The annual Washington Mardi Gras Ball, hosted by the Mystick Krewe of Louisianians (also known at the state's congressional delegation), is one of the hottest events in D.C. each year, drawing an ever-increasing crowd from the Bayou State.
Melancon, who doubled as this year's ball chairman, was taking every constituent meeting he could during the festivities. Sure, the annual ball is a big party, but the Democratic congressman would otherwise have had to travel back home to Napoleonville to find as many Louisianans in one place. Even Gov. Bobby Jindal, a Republican former congressman, sought a sit-down with Melancon and the rest of the delegation. It was an unusually busy few days, but Melancon seemed to enjoy himself. "I'm lucky my wife doesn't mind helping out with this," he said with a laugh during a 30-minute break from the mayhem.
While it was certainly a lot to handle in just a few days, the organized bedlam of this year's festivities was par for the course. Washington Mardi Gras is always a colorful clash of revelry, politicking and positioning. Melancon says there was something distinctly different this year. Citizens and advocacy groups, many from other districts, were approaching him for help on a variety of issues, and it wasn't because he was ball chairman. Among Louisiana Democrats, Melancon may be the last man standing.
In the Senate, David Vitter, a Metairie Republican, is still reeling from being linked to a prostitution ring. Sen. Mary Landrieu, a New Orleans Democrat, will soon be consumed by her bid for re-election this year. In the House, things are even less settled. Jindal recently vacated his seat, and two veteran Republican congressmen Jim McCrery of Shreveport and Richard Baker of Baton Rouge announced their retirements not long ago. Meanwhile, Democrat Bill Jefferson of New Orleans faces a trial on corruption charges in late February.
All of which makes for a Beltway power drain the likes of which Louisiana has never seen before.
For his part, Melancon has a clean slate and plenty of upside potential on The Hill. He was lobbied hard to run for governor last year he demurred after little contemplation " and he says he's being encouraged to run against Vitter in 2010, although the Democratic Senatorial Campaign Committee isn't officially knocking at his door just yet. "For right now, I'm the congressman in the Third District," Melancon says. "I feel like I started a job following hurricanes Katrina and Rita and I want to finish that job."
Joshua Stockley, former president of the Louisiana Political Science Association and professor of government at Nicholls State University, says it's only a matter of time before the DSCC DOES come knocking. With Kathleen Blanco on the sidelines after a tumultuous term as governor and Bob Odom's "kingdom as agriculture commissioner" officially over, Stockley says Melancon is becoming the go-to Democrat when major Louisiana offices open up.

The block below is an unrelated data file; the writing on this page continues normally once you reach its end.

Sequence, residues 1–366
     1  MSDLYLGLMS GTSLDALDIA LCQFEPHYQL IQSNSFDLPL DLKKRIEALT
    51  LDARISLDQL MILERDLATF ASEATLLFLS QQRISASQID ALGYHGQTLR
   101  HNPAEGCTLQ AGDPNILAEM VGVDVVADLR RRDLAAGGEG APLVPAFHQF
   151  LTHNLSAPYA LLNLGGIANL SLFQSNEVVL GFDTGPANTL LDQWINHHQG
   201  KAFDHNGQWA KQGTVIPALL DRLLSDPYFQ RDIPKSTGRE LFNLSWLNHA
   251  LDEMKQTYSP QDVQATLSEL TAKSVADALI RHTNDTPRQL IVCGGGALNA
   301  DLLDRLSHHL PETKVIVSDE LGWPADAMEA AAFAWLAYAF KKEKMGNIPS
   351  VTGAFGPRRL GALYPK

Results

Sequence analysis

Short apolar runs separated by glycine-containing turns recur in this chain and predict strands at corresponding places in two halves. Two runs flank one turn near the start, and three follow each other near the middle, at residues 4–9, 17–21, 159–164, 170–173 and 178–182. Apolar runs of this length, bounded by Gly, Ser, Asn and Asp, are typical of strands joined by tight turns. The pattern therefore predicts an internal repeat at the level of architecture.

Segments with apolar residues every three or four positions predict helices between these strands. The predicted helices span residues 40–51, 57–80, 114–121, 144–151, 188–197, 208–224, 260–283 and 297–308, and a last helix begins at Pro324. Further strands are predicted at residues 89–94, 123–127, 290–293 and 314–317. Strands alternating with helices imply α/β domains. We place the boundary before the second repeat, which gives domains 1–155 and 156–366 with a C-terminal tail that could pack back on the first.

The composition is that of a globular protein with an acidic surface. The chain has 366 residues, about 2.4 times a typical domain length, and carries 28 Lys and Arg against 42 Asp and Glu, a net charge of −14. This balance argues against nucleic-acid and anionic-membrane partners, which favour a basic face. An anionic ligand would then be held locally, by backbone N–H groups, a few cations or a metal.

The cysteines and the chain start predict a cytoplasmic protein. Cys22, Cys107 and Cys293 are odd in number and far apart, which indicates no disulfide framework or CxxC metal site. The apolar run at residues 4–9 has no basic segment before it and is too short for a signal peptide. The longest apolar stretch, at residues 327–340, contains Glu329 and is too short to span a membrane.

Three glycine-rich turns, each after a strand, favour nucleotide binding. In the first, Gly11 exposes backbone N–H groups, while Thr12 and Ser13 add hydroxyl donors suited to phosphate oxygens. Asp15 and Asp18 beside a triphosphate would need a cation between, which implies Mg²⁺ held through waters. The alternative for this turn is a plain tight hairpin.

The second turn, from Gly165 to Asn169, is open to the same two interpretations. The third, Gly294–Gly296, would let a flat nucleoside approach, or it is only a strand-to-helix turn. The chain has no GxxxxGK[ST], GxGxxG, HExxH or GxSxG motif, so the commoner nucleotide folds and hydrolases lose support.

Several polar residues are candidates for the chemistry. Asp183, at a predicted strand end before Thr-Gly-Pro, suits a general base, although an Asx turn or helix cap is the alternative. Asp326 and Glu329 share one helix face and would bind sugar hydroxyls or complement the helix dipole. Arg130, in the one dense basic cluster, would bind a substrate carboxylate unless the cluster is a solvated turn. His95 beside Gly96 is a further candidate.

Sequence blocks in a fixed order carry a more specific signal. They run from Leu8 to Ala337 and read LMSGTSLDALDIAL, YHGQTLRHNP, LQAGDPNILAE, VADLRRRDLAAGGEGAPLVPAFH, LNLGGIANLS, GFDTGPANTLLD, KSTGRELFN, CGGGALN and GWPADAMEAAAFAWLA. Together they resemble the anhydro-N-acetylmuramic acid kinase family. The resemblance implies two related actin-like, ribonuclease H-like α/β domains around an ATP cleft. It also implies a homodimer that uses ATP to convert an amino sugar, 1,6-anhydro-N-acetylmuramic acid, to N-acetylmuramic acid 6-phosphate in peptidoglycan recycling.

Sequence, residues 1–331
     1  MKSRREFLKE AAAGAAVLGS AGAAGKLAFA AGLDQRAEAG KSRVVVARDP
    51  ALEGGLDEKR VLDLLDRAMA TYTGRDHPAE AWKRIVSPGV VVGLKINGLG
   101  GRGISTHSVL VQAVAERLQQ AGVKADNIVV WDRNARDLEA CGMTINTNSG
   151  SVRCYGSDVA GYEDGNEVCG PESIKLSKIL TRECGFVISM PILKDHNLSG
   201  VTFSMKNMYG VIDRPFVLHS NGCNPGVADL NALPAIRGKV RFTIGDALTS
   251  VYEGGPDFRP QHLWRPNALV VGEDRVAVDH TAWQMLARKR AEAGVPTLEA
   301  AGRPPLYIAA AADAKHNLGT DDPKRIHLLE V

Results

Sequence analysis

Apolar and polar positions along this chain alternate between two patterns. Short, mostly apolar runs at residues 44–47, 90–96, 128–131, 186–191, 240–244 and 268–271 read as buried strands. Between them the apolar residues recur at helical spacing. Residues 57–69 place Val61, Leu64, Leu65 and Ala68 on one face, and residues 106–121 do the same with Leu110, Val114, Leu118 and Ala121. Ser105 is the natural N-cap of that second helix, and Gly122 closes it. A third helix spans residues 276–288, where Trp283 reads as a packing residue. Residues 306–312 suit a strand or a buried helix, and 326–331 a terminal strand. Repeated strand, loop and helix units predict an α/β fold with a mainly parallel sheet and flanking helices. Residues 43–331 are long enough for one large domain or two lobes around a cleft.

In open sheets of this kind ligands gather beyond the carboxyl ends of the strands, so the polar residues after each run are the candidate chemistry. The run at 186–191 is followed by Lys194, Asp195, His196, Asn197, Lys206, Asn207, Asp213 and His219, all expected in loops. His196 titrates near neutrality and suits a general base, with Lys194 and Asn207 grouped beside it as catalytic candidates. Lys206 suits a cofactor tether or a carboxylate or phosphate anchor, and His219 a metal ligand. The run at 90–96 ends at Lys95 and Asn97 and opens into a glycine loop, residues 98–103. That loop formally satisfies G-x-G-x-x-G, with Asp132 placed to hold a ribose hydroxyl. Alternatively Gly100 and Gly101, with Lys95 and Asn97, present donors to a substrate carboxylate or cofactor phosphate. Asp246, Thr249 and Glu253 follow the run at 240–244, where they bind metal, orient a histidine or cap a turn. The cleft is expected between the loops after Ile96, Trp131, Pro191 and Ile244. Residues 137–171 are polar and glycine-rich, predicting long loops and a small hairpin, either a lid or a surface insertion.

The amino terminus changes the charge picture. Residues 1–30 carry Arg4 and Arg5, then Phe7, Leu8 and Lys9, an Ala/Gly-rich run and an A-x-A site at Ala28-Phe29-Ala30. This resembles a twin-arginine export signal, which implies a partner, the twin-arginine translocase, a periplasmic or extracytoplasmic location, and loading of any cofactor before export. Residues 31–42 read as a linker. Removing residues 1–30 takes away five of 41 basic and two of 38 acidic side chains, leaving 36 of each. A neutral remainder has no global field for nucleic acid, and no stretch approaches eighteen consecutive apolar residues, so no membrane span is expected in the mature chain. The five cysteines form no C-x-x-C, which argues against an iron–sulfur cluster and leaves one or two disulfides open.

"There's also another scenario to watch," he adds. "If Louisiana voters decide to boot Mary Landrieu this fall, then Charlie Melancon will become the man you need to know, the top Democrat. Also, more windows of opportunity will open up for him if the Democrats maintain control of the House and a Democrat ends up in the White House."
While he doesn't dispute that the cards could fall favorably for Melancon, state Republican Party Chairman Roger Villere says he is confident that a Republican will take the White House this year. If that happens, he says Reps. Charles Boustany of Lafayette and Rodney Alexander of Quitman would stand to gain political ground, not Melancon. "For starters, Congressman Jefferson has more seniority than [Melancon] right now," Villere says. "I think everyone in the delegation has learned to depend on each other and work together, and I don't see any one person becoming "The Man" anytime soon. We don't really know the dynamics of this situation, either. These are unusual circumstances and Louisiana has never seen turnover like this before."
To a large extent, Melancon's perch in the catbird seat is the result of great timing, a bit of luck, and other people's misfortunes not his championing of headline-grabbing policy issues or some heavyweight committee assignments. Melancon also owes his good prospects to his own political prowess. While lawmakers with twice his years in office have yet to lead a congressional leadership team on a tour through their districts, Melancon has done so twice in his district since Katrina's landfall in 2005, and he formed solid coalitions in the process. He has befriended House Speaker Nancy Pelosi of California a liberal by any definition without angering his conservative base in south Louisiana.
Politically, Melancon has styled himself as a 'Blue Dog Democrat" who preaches pay-as-you-go financing and stays to the right on social issues. If you ask him directly, he'll tell you as much and then paint a picture of America as a centrist country that demands that its two political parties work together. That strategy seems to be the key to his success so far. To hear Melancon tell it, his climb up the Beltway ladder of power isn't something that was premeditated or even sought. "If I'm the go-to guy for a while, then so be it," he says. "But honestly, I wish we weren't losing Jim McCrery and Richard Baker and everyone else. And when it's my time to go, I'll just go, too. But if I don't do it on my own, at least my wife will have the common sense to push me in the right direction."
Correction: In 'Picking the Prez" (News & Views, Jan. 22), a quote regarding the email campaign Massachusetts Gov. Mitt Romney waged to garner favor with GOP delegates was incorrectly attributed to Alan Philip, Romney's regional political director. It should have been attributed to Travis Cummings, Romney's director in Louisiana.